I came to a fork in the road as we were leaving Wollongong and realised I was in the wrong lane. A silver Mercedes van lingered in my blind spot, speeding up to overtake me, speeding up and closing any gap. I couldn’t take the exit and was forced to drive another route 30 kilometres longer.
The GPS rerouted. The car revised its estimate. l was cutting it close.
The clock struck 4pm and I had made the executive decision to drag my friends with me to The Star casino for a recharge — if we could make it. They reluctantly complied having been tired from the day spent leaving and returning to Sydney.
By 4:30pm the car’s battery turned from a sickly green into a cautionary red. Making matters worse was the fact we would be captives of gridlock traffic. A friend of mine began groaning as his Apple iPhone 6 ran out of battery.
We sat in the traffic as tensions simmered, making light of the situation with jokes of pushing an expensive car down the city streets. We did this until the traffic eased twenty minutes later.
The time was 4:58pm. The battery had 7 per cent (30 kilometres) remaining. I pulled into The Star casino’s lower level car park to recharge the Tesla Model S.
Charging the car is as easy as recharging a phone. Hovering the charging nozzle over the left rear light automatically opens the charging port. I plugged the charger in and was greeted by convivial Tesla owners, each one generous with their time and spoke about their Tesla’s with zeal.
I spent half an hour asking questions on what it is like owning a Tesla, trying to glean an understanding on the daily sacrifices made. Both owners assured me the few gripes were outweighed by the many advantages. They talked about the community of Tesla owners and picked the fine details of my car. “It’s a shame you didn’t get the performance model”, one owner said. “There’s only two other Tesla’s [in Australia] in this shade of green,” said another.
Sixty-two minutes later and the battery of the Model S was full. My friend retrieved his charging iPhone from the hotel concierge and was happy with its 32 per cent of battery.
Overnight I mulled the significance of the Tesla Model S. Perhaps the company was right in borrowing the naming convention of Ford’s Model T, the first inexpensive car to be mass produced.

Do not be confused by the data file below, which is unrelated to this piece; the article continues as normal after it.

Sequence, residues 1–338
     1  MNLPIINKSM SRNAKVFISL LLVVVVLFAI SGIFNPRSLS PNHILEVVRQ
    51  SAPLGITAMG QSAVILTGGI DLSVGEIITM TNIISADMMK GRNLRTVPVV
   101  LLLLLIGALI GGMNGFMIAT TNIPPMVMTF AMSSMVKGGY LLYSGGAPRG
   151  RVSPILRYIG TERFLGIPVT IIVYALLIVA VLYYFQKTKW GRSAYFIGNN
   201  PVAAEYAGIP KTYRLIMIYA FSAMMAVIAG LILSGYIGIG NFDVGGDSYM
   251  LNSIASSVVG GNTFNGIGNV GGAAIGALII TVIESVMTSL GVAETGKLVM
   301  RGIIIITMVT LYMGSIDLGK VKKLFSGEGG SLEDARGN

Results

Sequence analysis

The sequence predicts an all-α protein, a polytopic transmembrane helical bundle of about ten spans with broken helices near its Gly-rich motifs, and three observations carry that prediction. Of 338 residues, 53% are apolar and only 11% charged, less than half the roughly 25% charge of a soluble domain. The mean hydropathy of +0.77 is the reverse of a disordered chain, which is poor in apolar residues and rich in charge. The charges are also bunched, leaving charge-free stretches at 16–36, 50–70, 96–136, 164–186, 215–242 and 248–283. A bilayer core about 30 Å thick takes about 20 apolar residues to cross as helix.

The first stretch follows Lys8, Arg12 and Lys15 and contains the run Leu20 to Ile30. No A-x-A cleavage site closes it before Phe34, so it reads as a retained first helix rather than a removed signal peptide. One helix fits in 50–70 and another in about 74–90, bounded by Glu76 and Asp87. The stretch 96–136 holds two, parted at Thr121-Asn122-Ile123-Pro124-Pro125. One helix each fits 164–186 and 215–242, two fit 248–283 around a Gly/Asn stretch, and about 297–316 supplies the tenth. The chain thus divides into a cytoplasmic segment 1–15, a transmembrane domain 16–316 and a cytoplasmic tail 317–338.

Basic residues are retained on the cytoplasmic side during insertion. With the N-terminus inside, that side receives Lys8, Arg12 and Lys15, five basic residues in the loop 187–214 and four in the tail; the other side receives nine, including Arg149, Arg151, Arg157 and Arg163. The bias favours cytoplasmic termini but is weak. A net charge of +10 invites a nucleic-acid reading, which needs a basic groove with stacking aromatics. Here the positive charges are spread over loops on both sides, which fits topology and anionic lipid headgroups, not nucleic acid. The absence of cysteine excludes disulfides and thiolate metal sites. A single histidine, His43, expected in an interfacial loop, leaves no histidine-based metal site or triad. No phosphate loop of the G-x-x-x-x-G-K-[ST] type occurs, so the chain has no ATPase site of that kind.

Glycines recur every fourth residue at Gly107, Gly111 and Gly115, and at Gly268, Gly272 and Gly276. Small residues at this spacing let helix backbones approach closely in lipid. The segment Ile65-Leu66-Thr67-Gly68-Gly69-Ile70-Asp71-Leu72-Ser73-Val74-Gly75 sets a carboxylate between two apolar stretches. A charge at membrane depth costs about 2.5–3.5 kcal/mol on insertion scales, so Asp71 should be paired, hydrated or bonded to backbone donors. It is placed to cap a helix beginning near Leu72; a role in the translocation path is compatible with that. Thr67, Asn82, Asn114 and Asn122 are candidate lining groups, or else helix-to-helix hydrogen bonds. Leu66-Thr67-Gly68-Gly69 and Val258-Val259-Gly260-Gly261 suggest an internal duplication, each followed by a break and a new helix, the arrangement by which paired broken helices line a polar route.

There are obvious problems that will have to be overcome in time. The batteries have an 8-year warranty and replacing them thereafter could be costly. This is the only servicing the car needs, besides general upkeep, the likes of tyres, brakes and suspension.
The lack of a larger network of superchargers is the other problem. But there was a time when a great thinker proposed putting a petrol station on every corner and the world baulked.
Tesla already has a network of superchargers in the United States, throughout Europe and in parts of Asia. There are 439 supercharger stations hosting 2,419 superchargers globally. Australia will get its own network across the east coast — spanning from Brisbane to Melbourne — by 2016.
Early adopters are not tethered by this electric car. The Model S still affords them the freedom of mobility, only they are weighed down by a mobile charger until the infrastructure follows.
The Model S is pricey — our review car had a drive-away price of $144,615. Making electric cars cheaper is another obstacle that will be overcome with the passing of time. Tesla will release the Model 3 in Australia by 2018, and it will have a price in the ballpark of $US35,000.
I drove to the dealership the next morning to return the Tesla. Returning a press car is a matter of handing in the keys and walking away. I pulled in the car park and made sure I reversed the car perfectly. The manager of the local dealership greeted me, and I began talking at length about the Model S.
I shared with him facts he already knew, like the fun had when decelerating, or the way Tesla streamlines parts of the driving experience. Or how the car remembered it was approaching the dealership and it raised its suspension accordingly. I wanted to talk about the Teslas in the showroom, including the rare Roadster that sparked this commercial electric revolution; it doesn’t have floor mounted batteries like the Model S for a low centre of gravity. I wanted to charge the car at designated supercharger stations and make comments on the colour combinations of other cars. I could’ve gone on for hours, days, months and years, wanting to be a Tesla owner.